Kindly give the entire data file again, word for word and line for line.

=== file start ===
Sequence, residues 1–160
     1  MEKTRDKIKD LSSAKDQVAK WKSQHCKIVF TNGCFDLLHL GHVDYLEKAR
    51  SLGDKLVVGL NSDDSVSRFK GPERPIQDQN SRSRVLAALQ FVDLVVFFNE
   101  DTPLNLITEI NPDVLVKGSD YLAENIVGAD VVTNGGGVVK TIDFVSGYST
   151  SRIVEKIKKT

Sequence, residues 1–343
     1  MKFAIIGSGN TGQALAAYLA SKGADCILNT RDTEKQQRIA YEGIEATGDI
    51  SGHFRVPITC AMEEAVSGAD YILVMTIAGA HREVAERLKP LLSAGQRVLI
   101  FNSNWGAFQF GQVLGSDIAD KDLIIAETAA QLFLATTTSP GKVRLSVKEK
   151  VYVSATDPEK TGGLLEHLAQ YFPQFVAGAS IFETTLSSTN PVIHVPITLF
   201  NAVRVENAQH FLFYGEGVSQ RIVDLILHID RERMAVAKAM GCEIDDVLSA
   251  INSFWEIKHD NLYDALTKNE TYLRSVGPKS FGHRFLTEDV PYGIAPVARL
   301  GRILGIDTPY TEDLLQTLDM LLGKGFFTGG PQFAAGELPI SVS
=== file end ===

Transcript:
Sequence, residues 1–160
     1  MEKTRDKIKD LSSAKDQVAK WKSQHCKIVF TNGCFDLLHL GHVDYLEKAR
    51  SLGDKLVVGL NSDDSVSRFK GPERPIQDQN SRSRVLAALQ FVDLVVFFNE
   101  DTPLNLITEI NPDVLVKGSD YLAENIVGAD VVTNGGGVVK TIDFVSGYST
   151  SRIVEKIKKT

Sequence, residues 1–343
     1  MKFAIIGSGN TGQALAAYLA SKGADCILNT RDTEKQQRIA YEGIEATGDI
    51  SGHFRVPITC AMEEAVSGAD YILVMTIAGA HREVAERLKP LLSAGQRVLI
   101  FNSNWGAFQF GQVLGSDIAD KDLIIAETAA QLFLATTTSP GKVRLSVKEK
   151  VYVSATDPEK TGGLLEHLAQ YFPQFVAGAS IFETTLSSTN PVIHVPITLF
   201  NAVRVENAQH FLFYGEGVSQ RIVDLILHID RERMAVAKAM GCEIDDVLSA
   251  INSFWEIKHD NLYDALTKNE TYLRSVGPKS FGHRFLTEDV PYGIAPVARL
   301  GRILGIDTPY TEDLLQTLDM LLGKGFFTGG PQFAAGELPI SVS